The revelation took place on Jimmy Kimmel Live!, where the late-night host decided to quiz Eilish on whether she’d heard of artists such as Madonna (she had) and Van Halen (she hadn’t). Upon learning she was blithely unaware of the Seventies rockers, Kimmel’s reaction was one of horror, despair, and glee. “I’m gonna start crying,” he exclaimed, perhaps acknowledging that Eilish’s knowledge gap was actually highlighting his own age. “You’re making me look so dumb,” Eilish fretted in return.
While this was an innocent enough exchange that riffed on the age-old tradition of intergenerational repartee (“young people don’t know how easy they have it”, “old people don’t understand technology”, etc), the comments about Eilish online were harsher. There’s a particular type of person who relishes any opportunity to highlight the perceived ignorance of younger generations. Yet there’s absolutely no reason why Eilish, or anyone her age, should give a fleeting moment’s thought to a rock band who carry little to no weight in the 21st century. Why does she need to prove herself, when she’s become the biggest success story the music industry has seen in years? Clearly, she knows something these older critics don’t.
Besides, had Eilish told Kimmel she was a massive Van Halen fan, hardcore fans would likely have revolted, insisting there was no way she could be serious – she’s too young. There was a similar reaction when Justin Bieber was spotted wearing a Metallica T-shirt in 2015. He had no right to like them, hardcore fans decreed.
It’s the same patronising attitude I’ve experienced, many times, because young female music critics with prominent positions at national newspapers are all-too scarce.
A lot of the unpleasantness towards younger artists seems to stem from a fear of irrelevancy. Sure, it’s not exactly a good feeling to know the bands you once idolised mean nothing to younger generations. But as many on Twitter pointed out, it’s wonderful to think of the moment these teenagers do discover artists such as Fleetwood Mac or Nirvana for the first time. For me, doing the same thing in my late teens while I was going through a classic rock phase at university, I imagined it was a lot like how explorers felt discovering Tutankhamun’s tomb.
When someone played “The Chain” at a club night in my second year I experienced that transcendence, dancing to a song I’d never heard before, thinking how I was going to go home later and find it and play it again and again. It’s like wandering through a series of dark passages that become illuminated as you delve deeper: Fleetwood Mac led me to Tom Petty, Eagles, Jimi Hendrix, The Stooges, Black Sabbath, Led Zeppelin, Pink Floyd, The Clash, The Cure, The Smiths, Pixies, Patti Smith, Iggy Pop, Ramones, Television, Blondie, Sonic Youth…
Reviewing The Who’s new album this week brought me to a New York Times interview with Pete Townshend, where he suggested that rock as an ideal has transferred across to pop and hip-hop. “Rock is probably Taylor Swift,” he said. “Rock is, dare I say it, Adele and Ed Sheeran.” He seemed to be making a point about relevancy in terms of the most popular genres, and stars at the top of their game, but also how rock is a test of stamina that artists such as Swift pass with flying colours. This willingness by an elder statesman of music to pass the baton, in a way, is rare in comparison to the myriad grizzled rock stars bemoaning the state of modern music. And even while this attitude in musicians can be dismissed relatively easily, it’s a wider problem when it extends to the executives making decisions on festival line-ups and award ceremonies.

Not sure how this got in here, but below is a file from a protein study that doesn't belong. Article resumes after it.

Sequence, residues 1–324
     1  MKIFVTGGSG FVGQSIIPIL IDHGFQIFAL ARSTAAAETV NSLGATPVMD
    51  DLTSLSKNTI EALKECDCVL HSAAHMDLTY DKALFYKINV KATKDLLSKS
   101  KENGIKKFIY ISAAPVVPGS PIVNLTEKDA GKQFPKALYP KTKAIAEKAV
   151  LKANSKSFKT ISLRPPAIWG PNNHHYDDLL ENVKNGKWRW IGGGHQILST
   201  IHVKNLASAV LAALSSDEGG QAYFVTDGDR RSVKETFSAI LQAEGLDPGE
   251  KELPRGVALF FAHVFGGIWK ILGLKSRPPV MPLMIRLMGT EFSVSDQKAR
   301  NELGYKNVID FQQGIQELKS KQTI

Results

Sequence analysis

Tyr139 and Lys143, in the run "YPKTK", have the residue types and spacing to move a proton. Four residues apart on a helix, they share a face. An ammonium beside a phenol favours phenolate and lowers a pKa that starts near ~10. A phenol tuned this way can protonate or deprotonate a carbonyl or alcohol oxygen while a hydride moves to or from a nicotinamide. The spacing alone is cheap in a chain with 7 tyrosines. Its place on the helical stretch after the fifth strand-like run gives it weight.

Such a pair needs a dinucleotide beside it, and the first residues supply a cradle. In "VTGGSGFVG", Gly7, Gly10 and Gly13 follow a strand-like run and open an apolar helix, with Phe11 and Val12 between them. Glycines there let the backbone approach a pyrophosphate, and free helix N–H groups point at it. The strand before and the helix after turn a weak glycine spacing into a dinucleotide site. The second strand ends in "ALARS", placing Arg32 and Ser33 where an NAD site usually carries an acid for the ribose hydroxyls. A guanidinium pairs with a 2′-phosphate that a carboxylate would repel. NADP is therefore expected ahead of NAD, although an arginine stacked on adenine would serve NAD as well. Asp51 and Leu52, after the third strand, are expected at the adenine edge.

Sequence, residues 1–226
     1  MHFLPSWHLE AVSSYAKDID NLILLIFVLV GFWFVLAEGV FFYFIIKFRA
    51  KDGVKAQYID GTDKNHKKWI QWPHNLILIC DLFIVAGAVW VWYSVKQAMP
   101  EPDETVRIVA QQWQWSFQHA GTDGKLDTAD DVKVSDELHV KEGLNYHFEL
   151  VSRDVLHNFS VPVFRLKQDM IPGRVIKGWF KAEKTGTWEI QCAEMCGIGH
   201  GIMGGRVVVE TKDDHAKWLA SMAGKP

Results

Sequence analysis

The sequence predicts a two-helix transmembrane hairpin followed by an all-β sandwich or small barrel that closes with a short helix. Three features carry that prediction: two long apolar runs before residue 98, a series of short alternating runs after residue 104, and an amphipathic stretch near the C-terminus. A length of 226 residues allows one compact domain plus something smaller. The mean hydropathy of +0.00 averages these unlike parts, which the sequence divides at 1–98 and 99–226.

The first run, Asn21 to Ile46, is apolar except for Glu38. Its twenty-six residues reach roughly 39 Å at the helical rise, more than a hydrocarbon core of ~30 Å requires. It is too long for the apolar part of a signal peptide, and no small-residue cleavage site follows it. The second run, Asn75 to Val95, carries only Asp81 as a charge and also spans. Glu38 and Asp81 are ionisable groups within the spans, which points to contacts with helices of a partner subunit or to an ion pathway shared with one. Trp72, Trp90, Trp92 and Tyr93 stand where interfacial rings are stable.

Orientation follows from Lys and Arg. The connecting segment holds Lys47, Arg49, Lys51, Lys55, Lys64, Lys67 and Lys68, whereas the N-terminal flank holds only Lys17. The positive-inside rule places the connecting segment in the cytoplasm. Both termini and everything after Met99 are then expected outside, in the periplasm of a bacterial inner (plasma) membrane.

Earlier this month, the manager of TRNSMT festival in Scotland caused uproar for claiming more “females” need to pick up guitars in order to get on line-ups. and claiming it would be a long time before festivals achieved 50-50 gender parity. This kind of ignorance is still prevalent among the organisers of more “traditional” rock festivals such as Reading & Leeds and Isle of Wight, who insist year on year that its white male headliners are the ones fans most want to see. They, too, are clinging on to a time where they felt most relevant, rather than dare venture into a world that they might not understand. Elsewhere, major European festivals such as Primavera, Nos Alive and Oya are managing just fine, curating balanced, diverse line-ups that reflect the eclectic way in which we consume music.
It was young people who broke the music industry only to build it back up again. In the Nineties, Shawn Fanning and Sean Parker brought it to its knees with Napster, an illegal download site where Spotify’s co-founder Daniel Ek discovered his favourite bands. His company, in turn, managed to bring a halt to plummeting industry revenue upon its launch in 2008. As of 2018, Spotify’s user base was dominated by millennials; 29 per cent of subscribers were aged 25 to 34, and 26 per cent between 18 and 24. Streaming has overtaken physical sales as the biggest source of revenue for the industry, and online platforms are now a lucrative way for artists to break through to massive audiences.
Watching Kimmel interview Eilish reminded me of a viral video where a father challenged his sons to try to call someone using an old dial telephone. You can hear him laughing as he watches them struggle (they actually seem to do an admirable job with a defunct piece of technology they’d never encountered before). The best part about it was a comment on social media, where someone pointed out: “I bet they had to show him how to upload the video.” Older generations would do well to listen, rather than laugh, at people like Eilish. They might learn something.
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